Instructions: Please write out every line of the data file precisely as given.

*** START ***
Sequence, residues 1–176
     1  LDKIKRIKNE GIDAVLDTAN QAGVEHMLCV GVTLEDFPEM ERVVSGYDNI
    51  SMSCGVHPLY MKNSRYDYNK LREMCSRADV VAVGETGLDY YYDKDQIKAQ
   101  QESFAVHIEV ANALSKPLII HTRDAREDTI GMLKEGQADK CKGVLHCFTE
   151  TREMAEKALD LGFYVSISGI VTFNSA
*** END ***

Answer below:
Sequence, residues 1–176
     1  LDKIKRIKNE GIDAVLDTAN QAGVEHMLCV GVTLEDFPEM ERVVSGYDNI
    51  SMSCGVHPLY MKNSRYDYNK LREMCSRADV VAVGETGLDY YYDKDQIKAQ
   101  QESFAVHIEV ANALSKPLII HTRDAREDTI GMLKEGQADK CKGVLHCFTE
   151  TREMAEKALD LGFYVSISGI VTFNSA